It was almost as if the Destroyers wrote their own script for a game which saw a team only five years old wrap up the National Championship. ‘One more’ has been the mantra of the Portsmouth Destroyers for much of the season. A tough pre-season camp saw the team adopt the Sir Clive Woodward philosophy of identifying a number of attributes where players could improve by ‘one more’ percent. Their undefeated regular season and march through the play offs owed much a ‘one more’ game outlook which meant they never took their eye off the ball. Their place in history was secured by winning an absorbing match by ‘one more’ point than their opponents, a lead preserved by one last tackle and which would have been wiped out had their opponents managed to progress almost literally ‘one more’ yard down the field.
The result fourth edition of the BUAFL National Championship Game was the source of much conjecture before the kick off. Despite being without talisman and two-time MVP quarterback Tristan Varney the Lions still ooze class and had shown their championship metal by defeating a host of top teams in their playoff run, including the Number One ranked Hertfordshire Hurricanes, and the two teams which they defeated in the previous Championship Games, the Loughborough Aces and the Newcastle Raiders. Their big game pedigree and potent offense were considered by many to be decisive factors against the Number Two ranked Destroyers, a team renown for spirit, commitment and an iron-clad defense but considered by many to have too few weapons in their armoury to win the title, especially if the Lions were to take an early lead.
After a tense opening it was the Lions who drew first blood. Sope Dirisu, receiving the ball from quarterback Sam Glover, made his way into the endzone and gave the Lions a 6-0 lead, a lead which wasn’t extended due to an athletic and courageous block by Pestell on the added points attempt. Then came the first of two game-defining moments in quick succession. Veteran Lion DB Greg Freeman, picked off the Destroyers’ quarterback Nick Rizzuto and returned the ball for 50 yards only to be brought back for a holding call. The momentum this move could have given the Lions may have seen them go two scores up and made a recovery a monumental challenge for the Destroyers. Moments later the game was tied as Running Back Anthony Olawole powered across the line. Olawole’s touchdown not only provided a definitive answer to the sceptics who thought the Destroyers might crumble if the Lions flexed their muscle early on, it also made those who said they lacked offensive options eat their words, words which would eaten time and time again over the course of the afternoon as he turned in a standout performance which saw him acknowledged as the 2011 Championship Game MVP.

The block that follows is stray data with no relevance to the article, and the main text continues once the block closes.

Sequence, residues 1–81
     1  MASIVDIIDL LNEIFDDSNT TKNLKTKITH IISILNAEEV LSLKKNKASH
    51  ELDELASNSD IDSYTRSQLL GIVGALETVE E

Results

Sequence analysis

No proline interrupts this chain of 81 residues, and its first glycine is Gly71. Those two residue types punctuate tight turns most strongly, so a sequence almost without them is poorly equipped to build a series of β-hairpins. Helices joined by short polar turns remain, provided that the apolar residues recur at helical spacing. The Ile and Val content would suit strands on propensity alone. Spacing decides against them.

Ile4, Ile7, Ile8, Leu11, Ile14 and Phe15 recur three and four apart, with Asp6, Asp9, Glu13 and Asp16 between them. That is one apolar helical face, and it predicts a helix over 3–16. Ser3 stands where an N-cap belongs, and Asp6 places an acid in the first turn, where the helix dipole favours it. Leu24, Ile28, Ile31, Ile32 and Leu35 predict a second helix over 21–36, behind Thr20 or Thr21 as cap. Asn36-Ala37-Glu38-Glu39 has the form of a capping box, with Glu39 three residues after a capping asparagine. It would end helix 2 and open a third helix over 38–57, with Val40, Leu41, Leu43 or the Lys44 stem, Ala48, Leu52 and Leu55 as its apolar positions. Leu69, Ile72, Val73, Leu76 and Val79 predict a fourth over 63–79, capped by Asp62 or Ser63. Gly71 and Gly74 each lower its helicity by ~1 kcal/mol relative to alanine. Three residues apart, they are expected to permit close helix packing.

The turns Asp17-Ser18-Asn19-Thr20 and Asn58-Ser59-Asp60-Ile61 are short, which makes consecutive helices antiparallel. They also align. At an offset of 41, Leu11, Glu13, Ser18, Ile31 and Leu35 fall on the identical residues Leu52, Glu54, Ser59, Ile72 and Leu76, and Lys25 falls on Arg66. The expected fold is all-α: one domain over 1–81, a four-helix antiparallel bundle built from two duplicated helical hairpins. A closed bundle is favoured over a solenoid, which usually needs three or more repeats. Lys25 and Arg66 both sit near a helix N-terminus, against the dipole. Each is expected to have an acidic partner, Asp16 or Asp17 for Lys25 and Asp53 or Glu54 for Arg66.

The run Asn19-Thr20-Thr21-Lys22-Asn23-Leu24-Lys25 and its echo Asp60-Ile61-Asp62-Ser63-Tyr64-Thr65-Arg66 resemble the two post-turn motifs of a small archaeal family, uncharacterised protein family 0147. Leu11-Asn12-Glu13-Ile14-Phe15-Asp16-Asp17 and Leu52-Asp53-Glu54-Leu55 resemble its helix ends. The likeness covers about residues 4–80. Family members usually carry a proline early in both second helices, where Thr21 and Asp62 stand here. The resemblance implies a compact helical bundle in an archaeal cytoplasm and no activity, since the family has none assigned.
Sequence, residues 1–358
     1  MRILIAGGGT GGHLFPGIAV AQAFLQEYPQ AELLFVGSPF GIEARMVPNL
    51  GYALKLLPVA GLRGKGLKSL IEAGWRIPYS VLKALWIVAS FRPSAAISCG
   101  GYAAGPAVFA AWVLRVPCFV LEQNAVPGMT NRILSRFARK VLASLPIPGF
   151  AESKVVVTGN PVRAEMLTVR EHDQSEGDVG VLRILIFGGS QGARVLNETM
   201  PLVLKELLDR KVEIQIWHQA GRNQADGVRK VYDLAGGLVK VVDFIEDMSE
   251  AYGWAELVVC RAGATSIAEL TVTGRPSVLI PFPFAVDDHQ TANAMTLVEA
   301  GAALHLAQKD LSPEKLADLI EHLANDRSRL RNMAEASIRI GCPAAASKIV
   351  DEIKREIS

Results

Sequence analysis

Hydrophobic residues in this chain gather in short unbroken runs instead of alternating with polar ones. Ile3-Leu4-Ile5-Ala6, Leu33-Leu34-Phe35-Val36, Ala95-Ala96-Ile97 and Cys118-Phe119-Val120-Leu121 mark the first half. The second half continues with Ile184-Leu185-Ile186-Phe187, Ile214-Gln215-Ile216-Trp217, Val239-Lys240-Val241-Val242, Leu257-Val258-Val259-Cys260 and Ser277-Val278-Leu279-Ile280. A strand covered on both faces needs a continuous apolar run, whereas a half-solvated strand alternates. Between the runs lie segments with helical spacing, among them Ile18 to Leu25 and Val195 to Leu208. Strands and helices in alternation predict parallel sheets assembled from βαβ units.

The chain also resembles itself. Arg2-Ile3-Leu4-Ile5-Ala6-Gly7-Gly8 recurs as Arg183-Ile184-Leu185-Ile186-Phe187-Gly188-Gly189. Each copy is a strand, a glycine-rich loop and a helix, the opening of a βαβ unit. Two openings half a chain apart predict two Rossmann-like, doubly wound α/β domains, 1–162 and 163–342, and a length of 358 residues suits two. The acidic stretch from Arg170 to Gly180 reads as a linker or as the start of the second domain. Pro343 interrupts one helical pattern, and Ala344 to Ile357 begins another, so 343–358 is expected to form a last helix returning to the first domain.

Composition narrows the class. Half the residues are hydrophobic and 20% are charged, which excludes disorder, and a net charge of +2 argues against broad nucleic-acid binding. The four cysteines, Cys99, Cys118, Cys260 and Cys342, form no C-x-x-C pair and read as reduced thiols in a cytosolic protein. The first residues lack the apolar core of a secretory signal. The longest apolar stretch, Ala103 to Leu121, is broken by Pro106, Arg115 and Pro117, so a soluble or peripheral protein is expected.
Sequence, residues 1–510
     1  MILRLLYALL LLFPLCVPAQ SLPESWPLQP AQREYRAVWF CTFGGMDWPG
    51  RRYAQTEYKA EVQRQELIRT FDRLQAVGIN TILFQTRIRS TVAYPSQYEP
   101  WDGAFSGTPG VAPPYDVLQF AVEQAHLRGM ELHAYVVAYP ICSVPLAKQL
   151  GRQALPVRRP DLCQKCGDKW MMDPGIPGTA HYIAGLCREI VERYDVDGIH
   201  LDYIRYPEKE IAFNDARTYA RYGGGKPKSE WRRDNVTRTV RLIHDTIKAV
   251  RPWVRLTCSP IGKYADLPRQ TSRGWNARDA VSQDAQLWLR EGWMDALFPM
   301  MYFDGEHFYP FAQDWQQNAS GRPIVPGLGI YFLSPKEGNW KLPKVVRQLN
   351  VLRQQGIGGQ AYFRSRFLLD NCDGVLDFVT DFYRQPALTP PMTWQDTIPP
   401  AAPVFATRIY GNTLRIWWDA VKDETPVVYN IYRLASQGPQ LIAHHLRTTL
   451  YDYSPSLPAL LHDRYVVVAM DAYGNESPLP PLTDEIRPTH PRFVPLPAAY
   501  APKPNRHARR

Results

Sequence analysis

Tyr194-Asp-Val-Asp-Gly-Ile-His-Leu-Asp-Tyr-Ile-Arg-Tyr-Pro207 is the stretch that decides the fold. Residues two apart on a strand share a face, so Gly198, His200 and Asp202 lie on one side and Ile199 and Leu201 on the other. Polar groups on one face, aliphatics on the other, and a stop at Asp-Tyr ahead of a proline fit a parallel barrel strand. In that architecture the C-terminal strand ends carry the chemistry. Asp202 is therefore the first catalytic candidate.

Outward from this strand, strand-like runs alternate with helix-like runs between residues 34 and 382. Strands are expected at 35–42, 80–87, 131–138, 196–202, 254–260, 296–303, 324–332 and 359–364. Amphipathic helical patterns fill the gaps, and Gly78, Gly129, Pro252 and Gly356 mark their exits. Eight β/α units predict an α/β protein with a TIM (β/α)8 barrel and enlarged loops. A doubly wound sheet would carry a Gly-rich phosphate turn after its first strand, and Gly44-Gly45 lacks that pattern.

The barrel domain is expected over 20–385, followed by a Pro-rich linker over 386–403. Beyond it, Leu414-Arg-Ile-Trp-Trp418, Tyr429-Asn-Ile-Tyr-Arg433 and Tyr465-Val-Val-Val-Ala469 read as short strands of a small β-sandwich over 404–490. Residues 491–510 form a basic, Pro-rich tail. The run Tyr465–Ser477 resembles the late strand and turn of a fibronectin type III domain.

As the half progressed, the Lions and the Destroyers were evenly matched, trading blow for blow. Dan Conroy’s quality meant he was at the heart of the action as the Lions sought to regain the lead whilst for the Destroyers the defensive quintet of Perrineau, Jones, Ndanga, Demuren and Doherty ensured Conroy’s efforts proved fruitless and they provided a base for the offensive forays made by the Portsmouth offensive line, which too, came to little.
Both teams started the second half quickly, each seeking to gain both a points and a psychological advantage. Unlike the first half it was the Destroyers who capitalised first. A 7 yard touchdown run from Running Back David Torku took them to 12 points and he duly delivered the extra 2 to put daylight between them and the Lions. The third quarter progressed much like the second with both teams trying to find a way through seemingly impregnable defences.
The fourth quarter of football was arguably one of the most memorable in recent memory. The Destroyers extended their lead to 20-6 with quarterback Nick Rizzuto keeping the ball to drive over the line. Lesser teams may have rolled over at this point but the Lions showed why they were the reigning champions with a spirited comeback. A 56 yard touchdown pass from always impressive Dirisu to Wide Receiver Ben Brown and the conversion of the extra point attempt saw the gap close to just 7, a gap reduced to 1 when with less than two minutes on the clock the Lions took the ball into the Destroyers’ endzone and set themselves up for the most dramatic of comebacks. The key question was whether or not the Lions would go for one or two added points. The answer was swift, the Lions were setting themselves up for a two; two points which reflected the trust which the Lions coaching staff have in their players and which has served them so well over two glorious seasons. As the play was made it was perhaps fitting that it was the Destroyers’ famed defense which would prove the match winner, with Ndanga and Demuren shutting out the Lions just short.
As the sun was starting to set over the Leeds skyline it was the victorious Destroyers, led by inspirational Head Coach Russ Hewitt, who climbed the steps of the John Charles Stadium to lift the Neil Reynolds Championship Trophy and write their name in history.